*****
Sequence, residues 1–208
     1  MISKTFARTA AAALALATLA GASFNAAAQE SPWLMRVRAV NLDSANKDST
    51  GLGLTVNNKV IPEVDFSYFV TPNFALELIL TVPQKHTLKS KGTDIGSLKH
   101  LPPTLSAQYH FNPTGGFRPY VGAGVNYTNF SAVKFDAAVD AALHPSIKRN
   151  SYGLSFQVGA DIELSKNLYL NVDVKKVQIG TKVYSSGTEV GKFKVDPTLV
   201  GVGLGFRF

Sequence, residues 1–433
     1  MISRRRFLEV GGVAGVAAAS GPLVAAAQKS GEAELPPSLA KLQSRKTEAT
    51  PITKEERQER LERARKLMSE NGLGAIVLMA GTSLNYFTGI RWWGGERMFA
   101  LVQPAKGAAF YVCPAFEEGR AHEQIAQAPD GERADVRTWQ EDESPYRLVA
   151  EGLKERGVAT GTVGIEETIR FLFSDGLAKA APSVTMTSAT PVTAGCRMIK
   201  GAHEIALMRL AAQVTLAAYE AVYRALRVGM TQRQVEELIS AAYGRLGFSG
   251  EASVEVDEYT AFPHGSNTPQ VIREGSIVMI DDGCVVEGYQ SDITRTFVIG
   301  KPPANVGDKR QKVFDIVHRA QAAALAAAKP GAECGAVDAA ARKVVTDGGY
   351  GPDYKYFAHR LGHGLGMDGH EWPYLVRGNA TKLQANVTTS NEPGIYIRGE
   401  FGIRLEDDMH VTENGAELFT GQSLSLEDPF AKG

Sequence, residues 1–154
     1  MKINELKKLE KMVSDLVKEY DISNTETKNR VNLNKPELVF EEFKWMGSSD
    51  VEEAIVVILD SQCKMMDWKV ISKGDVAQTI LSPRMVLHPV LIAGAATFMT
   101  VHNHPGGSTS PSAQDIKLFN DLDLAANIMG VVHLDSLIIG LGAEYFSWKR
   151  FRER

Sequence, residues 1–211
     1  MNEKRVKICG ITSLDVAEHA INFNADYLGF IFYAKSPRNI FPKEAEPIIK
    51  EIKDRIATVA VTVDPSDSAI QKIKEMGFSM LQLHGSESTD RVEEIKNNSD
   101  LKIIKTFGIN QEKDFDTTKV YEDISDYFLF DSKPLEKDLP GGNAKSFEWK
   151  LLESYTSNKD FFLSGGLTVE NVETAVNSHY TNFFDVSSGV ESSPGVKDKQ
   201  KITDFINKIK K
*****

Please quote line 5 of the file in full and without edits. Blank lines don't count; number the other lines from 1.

   151  SYGLSFQVGA DIELSKNLYL NVDVKKVQIG TKVYSSGTEV GKFKVDPTLV